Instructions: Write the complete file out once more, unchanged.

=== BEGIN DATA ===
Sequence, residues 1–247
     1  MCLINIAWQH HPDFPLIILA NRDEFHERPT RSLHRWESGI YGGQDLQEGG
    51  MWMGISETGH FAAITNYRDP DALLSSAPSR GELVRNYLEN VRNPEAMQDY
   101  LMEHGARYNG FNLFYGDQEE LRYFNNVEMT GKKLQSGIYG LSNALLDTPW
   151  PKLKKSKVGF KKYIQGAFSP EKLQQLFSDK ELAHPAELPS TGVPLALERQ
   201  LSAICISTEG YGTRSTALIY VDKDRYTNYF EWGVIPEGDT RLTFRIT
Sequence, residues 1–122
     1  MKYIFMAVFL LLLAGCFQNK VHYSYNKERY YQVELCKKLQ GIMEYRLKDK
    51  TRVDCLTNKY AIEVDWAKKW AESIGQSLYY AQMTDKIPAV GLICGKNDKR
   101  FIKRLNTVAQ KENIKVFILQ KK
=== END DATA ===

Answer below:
Sequence, residues 1–247
     1  MCLINIAWQH HPDFPLIILA NRDEFHERPT RSLHRWESGI YGGQDLQEGG
    51  MWMGISETGH FAAITNYRDP DALLSSAPSR GELVRNYLEN VRNPEAMQDY
   101  LMEHGARYNG FNLFYGDQEE LRYFNNVEMT GKKLQSGIYG LSNALLDTPW
   151  PKLKKSKVGF KKYIQGAFSP EKLQQLFSDK ELAHPAELPS TGVPLALERQ
   201  LSAICISTEG YGTRSTALIY VDKDRYTNYF EWGVIPEGDT RLTFRIT
Sequence, residues 1–122
     1  MKYIFMAVFL LLLAGCFQNK VHYSYNKERY YQVELCKKLQ GIMEYRLKDK
    51  TRVDCLTNKY AIEVDWAKKW AESIGQSLYY AQMTDKIPAV GLICGKNDKR
   101  FIKRLNTVAQ KENIKVFILQ KK